November 27, 2019

U.K. Chief Rabbi denounces Labour party on antisemitism

Source: The New York Times

Britain’s chief rabbi chastised the Labour Party on Monday for its handling of antisemitism in its ranks, breaking rabbinical convention to join other Jewish institutions in cautioning people against supporting the party in next month’s election.

Jeremy Corbyn, the Labour leader, reacted defiantly on Tuesday night, refusing to apologize in a BBC interview for his party’s response and defending the slow pace of some investigations into anti-Semitic remarks by party members.

The chief rabbi’s rebuke instantly generated fierce debate among British Jews, with some seeing it as reflecting their fears of Labour and others saying that he did not speak for them.

The chief rabbi, Ephraim Mirvis, an Orthodox rabbi who used to lead a North London synagogue, suggested in an article in The Times of London that Mr. Corbyn was “unfit for office.”

“The way in which the leadership has dealt with anti-Jewish racism is incompatible with the British values of which we are so proud — of dignity and respect for all people,” he wrote.

Later in the article, he called it a “mendacious fiction” that Labour was doing everything it could to stamp out anti-Semitism in the party.

“A new poison, sanctioned from the top, has taken root in the Labour Party,” he wrote, adding that in the election next month, “the very soul of our nation is at stake.”

It was not the first time that British Jewish organizations, or even prominent rabbis, had spoken out strongly against Labour in recent weeks, though some observers called it the most remarkable, given the chief rabbi’s usual reluctance to get involved in party politics.

Attacks on Labour’s handling of anti-Semitism have already become a centerpiece of the election campaign, and Britain’s Conservative Party quickly seized on Rabbi Mirvis’s remarks.

The Church of England offered public support for the chief rabbi. Justin Welby, the archbishop of Canterbury, said the article “ought to alert us to the deep sense of insecurity and fear felt by many British Jews.”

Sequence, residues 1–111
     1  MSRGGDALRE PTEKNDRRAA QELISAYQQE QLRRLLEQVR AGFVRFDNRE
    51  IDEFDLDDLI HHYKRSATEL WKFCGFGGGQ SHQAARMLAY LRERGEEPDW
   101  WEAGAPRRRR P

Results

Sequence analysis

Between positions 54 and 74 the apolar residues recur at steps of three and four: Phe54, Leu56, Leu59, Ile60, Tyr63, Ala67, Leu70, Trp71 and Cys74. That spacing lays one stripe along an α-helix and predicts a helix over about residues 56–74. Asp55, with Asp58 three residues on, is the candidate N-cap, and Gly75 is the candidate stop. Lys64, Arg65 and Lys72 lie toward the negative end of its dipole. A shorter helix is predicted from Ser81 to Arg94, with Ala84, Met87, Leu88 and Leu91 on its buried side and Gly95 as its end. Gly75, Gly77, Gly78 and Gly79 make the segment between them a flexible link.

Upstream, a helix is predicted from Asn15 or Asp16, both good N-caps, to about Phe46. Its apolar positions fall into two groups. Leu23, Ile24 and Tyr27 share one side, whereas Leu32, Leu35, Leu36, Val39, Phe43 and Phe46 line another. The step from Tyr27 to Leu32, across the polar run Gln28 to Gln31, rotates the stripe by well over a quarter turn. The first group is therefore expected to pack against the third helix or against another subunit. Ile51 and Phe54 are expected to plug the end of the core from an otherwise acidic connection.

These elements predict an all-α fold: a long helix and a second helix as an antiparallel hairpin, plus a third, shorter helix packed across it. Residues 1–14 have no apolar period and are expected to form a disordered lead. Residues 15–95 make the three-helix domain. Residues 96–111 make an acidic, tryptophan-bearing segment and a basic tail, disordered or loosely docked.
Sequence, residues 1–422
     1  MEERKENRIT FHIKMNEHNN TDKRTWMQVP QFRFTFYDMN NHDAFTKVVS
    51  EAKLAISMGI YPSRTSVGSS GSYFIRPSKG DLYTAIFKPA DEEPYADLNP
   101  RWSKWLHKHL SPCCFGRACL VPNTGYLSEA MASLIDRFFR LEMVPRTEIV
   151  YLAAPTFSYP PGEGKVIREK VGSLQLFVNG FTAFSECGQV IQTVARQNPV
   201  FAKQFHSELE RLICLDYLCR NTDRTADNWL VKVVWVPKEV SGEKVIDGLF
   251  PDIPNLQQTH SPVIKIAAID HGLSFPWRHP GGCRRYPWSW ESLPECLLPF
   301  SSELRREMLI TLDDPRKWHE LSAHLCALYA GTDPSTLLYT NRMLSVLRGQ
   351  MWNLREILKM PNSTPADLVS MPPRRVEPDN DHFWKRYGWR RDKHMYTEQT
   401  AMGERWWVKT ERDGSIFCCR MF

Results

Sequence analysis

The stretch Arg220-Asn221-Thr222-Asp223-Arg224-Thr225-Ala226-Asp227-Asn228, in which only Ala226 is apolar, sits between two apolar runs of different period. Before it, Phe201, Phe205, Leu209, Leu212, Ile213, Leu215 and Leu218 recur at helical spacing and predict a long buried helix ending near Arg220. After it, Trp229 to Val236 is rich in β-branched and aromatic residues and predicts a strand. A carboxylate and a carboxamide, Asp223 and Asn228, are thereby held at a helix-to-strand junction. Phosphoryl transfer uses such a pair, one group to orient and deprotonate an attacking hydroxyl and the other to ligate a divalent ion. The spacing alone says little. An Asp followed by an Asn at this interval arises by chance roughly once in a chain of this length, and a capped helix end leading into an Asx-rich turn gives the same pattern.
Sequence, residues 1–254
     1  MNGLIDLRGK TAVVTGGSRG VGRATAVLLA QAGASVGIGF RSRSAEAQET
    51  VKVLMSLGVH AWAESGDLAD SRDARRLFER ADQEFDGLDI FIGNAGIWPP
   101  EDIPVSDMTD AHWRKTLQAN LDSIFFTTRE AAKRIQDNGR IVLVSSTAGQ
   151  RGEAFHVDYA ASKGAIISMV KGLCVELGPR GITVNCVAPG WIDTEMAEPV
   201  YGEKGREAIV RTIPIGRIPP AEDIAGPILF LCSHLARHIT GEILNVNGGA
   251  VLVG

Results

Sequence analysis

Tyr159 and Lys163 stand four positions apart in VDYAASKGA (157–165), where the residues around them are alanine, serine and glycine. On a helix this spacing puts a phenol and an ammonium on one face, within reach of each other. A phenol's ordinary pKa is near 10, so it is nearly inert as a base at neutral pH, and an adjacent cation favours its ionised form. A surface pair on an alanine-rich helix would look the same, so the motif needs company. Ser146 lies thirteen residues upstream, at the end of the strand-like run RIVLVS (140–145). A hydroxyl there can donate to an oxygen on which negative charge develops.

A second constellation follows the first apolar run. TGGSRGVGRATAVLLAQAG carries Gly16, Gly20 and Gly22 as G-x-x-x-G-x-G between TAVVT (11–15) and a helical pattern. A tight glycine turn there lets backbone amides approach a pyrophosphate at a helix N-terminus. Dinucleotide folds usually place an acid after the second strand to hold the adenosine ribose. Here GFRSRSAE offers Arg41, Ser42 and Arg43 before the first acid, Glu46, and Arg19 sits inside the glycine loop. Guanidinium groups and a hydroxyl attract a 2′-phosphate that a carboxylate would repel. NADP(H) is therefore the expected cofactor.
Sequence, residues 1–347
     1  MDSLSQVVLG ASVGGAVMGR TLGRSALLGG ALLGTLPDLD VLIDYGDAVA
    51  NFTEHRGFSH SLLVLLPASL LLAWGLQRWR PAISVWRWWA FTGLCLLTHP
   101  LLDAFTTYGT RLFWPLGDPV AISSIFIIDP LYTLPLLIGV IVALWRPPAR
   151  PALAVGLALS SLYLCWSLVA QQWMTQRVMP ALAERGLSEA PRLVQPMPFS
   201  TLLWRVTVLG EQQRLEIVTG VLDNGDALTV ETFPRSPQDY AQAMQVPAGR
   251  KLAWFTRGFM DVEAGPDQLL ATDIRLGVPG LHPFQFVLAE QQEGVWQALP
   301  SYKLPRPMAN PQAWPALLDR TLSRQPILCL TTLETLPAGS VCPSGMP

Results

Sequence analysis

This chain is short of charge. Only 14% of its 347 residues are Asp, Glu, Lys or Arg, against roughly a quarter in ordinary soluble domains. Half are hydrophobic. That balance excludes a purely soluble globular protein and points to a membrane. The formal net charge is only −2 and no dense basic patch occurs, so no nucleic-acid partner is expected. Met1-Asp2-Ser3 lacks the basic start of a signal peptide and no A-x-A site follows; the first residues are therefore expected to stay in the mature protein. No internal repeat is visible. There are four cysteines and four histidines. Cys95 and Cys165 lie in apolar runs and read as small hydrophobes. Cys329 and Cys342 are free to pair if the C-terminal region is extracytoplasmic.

But some British Jews also criticized the way Labour’s political opponents were putting Rabbi Mirvis’s words to use. Not all British Jews recognize the chief rabbi as the leader of their communities.

And some people warned that Rabbi Mirvis had sidestepped a greater threat posed to Jews and other British minority groups by Prime Minister Boris Johnson, who has himself been accused of making racist and Islamophobic remarks and energizing parts of the far right similar to those responsible for recent attacks on Jews in the United States.

“We understand why so many in our community feel unable to vote for the Labour party, however we must not make the mistake of thinking the Conservatives are a safer alternative,” an organization called Jews Against Boris wrote on Twitter. “This is a party which is courting nationalist votes by demonizing and threatening minorities, and undermining the rule of law. The idea that this would be a safe environment for Jews is incredibly dangerous.”

The group, modeled in part on the efforts of American Jews to organize against President Trump, said keeping British Jews safe meant standing in solidarity “with all other communities experiencing oppression.”

Rabbi Mirvis highlighted several episodes that have pained British Jews, among them the party’s handling of anti-Semitism complaints, Mr. Corbyn’s reluctance to adopt a widely accepted definition of anti-Semitism and his calling members of Hamas and Hezbollah “friends.”

Mr. Corbyn later said he regretted using that language, and the Labour Party has always strongly denied turning a blind eye to anti-Semitism.

But Mr. Corbyn only stoked more skepticism with his BBC interview on Tuesday night. Andrew Neil, the interviewer, repeatedly asked him whether it was anti-Semitic to say that the Rothschild banking family runs Israel and global governments, a false, age-old conspiracy theory. Mr. Corbyn sidestepped the question several times, before eventually calling it an “anti-Semitic trope.”

The role of chief rabbi in Britain, unlike in other European countries, does not have formal ties to the state, though Prince Charles attended Rabbi Mirvis’s induction in 2013. Rabbi Mirvis leads a body of Orthodox congregations not only in Britain but across the Commonwealth; in Britain, those synagogues account for just over half of total synagogue membership, according to a 2010 report.